60 Minutes: A New Low

I watched a segment of 60 Minutes about generative AI on YouTube last night. It was nonsense. In the opening of the piece, Lesley Stahl (the on-camera talent) admits that she is scared of the technology. Then, for the rest of this (highly one-sided) view of generative AI, she does everything she can to push the idea that everyone should be as scared and as ignorant as she is. It was some of the worst reporting – if you can even call it that – I’ve ever seen. When questioned by Stahl, Brad Smith (President of Microsoft) didn’t do himself or the technology any favors. Of course, he had no say in the few snippets the 60 Minutes producers chose to represent him.

What really pisses me off is that – without fail – when 60 Minutes (still one of the highest-rated news programs on television) does a piece on technology, it is always skewed to scare the hell out of stupid people and to sow doubt in the minds of people who think. They never present both sides of a tech story… it’s maddening!

Conversational AI is not a one-size fits all solution. It may never be. If you create inputs with the goal of getting weird outputs, you will be successful, but that is not its intended use. It’s a narrow-focused, specialized tool that is great at what it is great at: summarizing text, brainstorming, writing formatted copy, automating workflow and process, and (most importantly) increasing productivity.

Barak Turovsky, former product lead at Google AI, has a nice framework for evaluating whether or not ChatGPT (or any AI) is appropriate for your task. Ask yourself: 1) Is the task high or low stakes? 2) Does the task require high accuracy or high fluency? If your task is low stakes, high fluency (i.e. writing a birthday poem), conversational AI is likely a good fit for the task. If your task requires high stakes and high accuracy (i.e. making a business investment), conversational AI is most likely a bad fit for the task. There are thousands of tasks that fall somewhere in between these two extremes. Thousands! You need situational awareness and subject matter expertise to get the most out of this (or any) technology.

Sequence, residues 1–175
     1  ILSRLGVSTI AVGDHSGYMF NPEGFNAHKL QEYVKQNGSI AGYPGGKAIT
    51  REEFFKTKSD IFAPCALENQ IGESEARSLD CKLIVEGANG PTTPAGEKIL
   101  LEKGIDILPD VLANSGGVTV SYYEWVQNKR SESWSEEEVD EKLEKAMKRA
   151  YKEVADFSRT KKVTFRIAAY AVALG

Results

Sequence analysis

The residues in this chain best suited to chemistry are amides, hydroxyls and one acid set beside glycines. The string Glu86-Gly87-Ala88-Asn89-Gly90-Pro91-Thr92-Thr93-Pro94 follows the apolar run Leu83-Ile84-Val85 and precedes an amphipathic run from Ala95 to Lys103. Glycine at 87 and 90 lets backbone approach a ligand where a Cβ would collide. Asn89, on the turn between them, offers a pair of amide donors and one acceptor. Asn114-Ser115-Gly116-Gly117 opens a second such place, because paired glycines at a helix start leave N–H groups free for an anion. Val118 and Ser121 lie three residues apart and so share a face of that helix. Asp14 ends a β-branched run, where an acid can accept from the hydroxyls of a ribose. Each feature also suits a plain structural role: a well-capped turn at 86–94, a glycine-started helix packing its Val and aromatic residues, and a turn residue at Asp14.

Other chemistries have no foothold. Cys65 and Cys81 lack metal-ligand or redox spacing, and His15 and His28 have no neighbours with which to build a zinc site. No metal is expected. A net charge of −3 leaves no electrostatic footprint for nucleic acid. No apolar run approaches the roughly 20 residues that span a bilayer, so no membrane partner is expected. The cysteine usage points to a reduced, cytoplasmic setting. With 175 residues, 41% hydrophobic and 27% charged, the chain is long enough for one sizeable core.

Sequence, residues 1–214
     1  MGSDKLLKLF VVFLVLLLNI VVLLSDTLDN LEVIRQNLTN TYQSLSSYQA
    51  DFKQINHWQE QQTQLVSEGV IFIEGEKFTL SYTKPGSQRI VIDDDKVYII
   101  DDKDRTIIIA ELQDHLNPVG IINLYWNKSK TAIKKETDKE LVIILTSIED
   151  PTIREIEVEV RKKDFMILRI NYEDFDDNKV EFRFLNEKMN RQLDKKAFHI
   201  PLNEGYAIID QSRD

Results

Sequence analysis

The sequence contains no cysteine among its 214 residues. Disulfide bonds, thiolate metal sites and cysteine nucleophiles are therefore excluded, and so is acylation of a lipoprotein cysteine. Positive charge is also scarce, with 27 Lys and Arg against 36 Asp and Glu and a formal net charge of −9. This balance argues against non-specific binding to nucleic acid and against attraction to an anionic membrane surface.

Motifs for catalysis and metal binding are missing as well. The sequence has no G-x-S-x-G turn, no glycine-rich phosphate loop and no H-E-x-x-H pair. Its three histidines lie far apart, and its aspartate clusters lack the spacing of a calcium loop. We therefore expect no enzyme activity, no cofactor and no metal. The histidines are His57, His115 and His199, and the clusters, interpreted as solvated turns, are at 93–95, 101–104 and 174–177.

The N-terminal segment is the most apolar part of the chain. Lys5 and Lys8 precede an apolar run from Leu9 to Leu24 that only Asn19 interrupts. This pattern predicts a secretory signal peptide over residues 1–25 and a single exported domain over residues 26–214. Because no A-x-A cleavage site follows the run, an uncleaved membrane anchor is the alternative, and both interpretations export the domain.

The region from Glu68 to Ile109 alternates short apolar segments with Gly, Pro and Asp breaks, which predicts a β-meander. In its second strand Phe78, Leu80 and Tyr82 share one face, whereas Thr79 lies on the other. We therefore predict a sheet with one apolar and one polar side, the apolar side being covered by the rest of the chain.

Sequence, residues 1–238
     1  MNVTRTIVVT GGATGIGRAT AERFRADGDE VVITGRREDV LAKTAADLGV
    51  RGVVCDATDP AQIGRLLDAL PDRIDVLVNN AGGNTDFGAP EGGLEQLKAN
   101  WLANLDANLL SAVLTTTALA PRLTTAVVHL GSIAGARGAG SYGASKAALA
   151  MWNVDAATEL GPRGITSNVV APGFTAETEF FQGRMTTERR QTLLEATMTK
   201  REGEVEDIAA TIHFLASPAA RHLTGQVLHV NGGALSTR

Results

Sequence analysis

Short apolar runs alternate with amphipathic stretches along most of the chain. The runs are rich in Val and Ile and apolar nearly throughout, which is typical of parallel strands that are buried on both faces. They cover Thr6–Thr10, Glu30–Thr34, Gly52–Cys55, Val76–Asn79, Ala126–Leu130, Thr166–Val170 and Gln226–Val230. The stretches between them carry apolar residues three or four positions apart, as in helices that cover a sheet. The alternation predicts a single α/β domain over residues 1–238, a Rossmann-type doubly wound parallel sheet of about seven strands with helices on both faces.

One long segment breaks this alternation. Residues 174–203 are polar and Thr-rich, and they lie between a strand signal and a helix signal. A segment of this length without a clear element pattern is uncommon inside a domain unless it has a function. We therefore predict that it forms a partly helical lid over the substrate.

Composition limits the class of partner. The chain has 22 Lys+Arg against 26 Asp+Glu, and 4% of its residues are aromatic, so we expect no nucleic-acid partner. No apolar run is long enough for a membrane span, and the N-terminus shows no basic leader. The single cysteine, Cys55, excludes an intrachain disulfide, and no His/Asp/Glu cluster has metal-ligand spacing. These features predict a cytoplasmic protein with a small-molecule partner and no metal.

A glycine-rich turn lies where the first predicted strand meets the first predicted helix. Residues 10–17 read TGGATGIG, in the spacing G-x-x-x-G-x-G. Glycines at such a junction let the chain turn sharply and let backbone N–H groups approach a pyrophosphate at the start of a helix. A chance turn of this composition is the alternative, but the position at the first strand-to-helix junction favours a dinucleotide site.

My relationship with 60 Minutes is over. (The definition of insanity, etc.) That said, please take the time to learn about generative AI and its capabilities. We have free resources available, but this is not a content marketing piece. Technology is just a fancy word for “tool,” and that’s what all of this is about: new tools. Please ignore the fear mongers and learn about these new tools from people who will teach you to respect and use them well.

Author’s note: This is not a sponsored post. I am the author of this article and it expresses my own opinions. I am not, nor is my company, receiving compensation for it.

About Shelly Palmer

Shelly Palmer is the Professor of Advanced Media in Residence at Syracuse University’s S.I. Newhouse School of Public Communications and CEO of The Palmer Group, a consulting practice that helps Fortune 500 companies with technology, media and marketing. Named LinkedIn’s “Top Voice in Technology,” he covers tech and business for Good Day New York, is a regular commentator on CNN and writes a popular daily business blog. He's a bestselling author, and the creator of the popular, free online course, Generative AI for Execs. Follow @shellypalmer or visit shellypalmer.com.



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